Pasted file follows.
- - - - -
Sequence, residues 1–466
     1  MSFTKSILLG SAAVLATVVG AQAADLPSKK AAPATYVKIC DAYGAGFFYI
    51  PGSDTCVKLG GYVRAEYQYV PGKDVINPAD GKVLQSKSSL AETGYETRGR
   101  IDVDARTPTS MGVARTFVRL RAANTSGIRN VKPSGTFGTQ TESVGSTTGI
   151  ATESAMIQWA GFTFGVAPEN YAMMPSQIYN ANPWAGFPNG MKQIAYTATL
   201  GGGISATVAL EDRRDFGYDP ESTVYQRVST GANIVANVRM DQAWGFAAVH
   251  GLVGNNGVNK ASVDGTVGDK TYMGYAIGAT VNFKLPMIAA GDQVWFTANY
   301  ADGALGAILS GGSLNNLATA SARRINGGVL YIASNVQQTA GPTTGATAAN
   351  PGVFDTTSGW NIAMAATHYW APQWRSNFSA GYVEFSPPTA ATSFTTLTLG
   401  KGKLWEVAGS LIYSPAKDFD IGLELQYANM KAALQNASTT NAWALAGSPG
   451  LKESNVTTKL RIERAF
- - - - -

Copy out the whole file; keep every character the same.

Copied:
Sequence, residues 1–466
     1  MSFTKSILLG SAAVLATVVG AQAADLPSKK AAPATYVKIC DAYGAGFFYI
    51  PGSDTCVKLG GYVRAEYQYV PGKDVINPAD GKVLQSKSSL AETGYETRGR
   101  IDVDARTPTS MGVARTFVRL RAANTSGIRN VKPSGTFGTQ TESVGSTTGI
   151  ATESAMIQWA GFTFGVAPEN YAMMPSQIYN ANPWAGFPNG MKQIAYTATL
   201  GGGISATVAL EDRRDFGYDP ESTVYQRVST GANIVANVRM DQAWGFAAVH
   251  GLVGNNGVNK ASVDGTVGDK TYMGYAIGAT VNFKLPMIAA GDQVWFTANY
   301  ADGALGAILS GGSLNNLATA SARRINGGVL YIASNVQQTA GPTTGATAAN
   351  PGVFDTTSGW NIAMAATHYW APQWRSNFSA GYVEFSPPTA ATSFTTLTLG
   401  KGKLWEVAGS LIYSPAKDFD IGLELQYANM KAALQNASTT NAWALAGSPG
   451  LKESNVTTKL RIERAF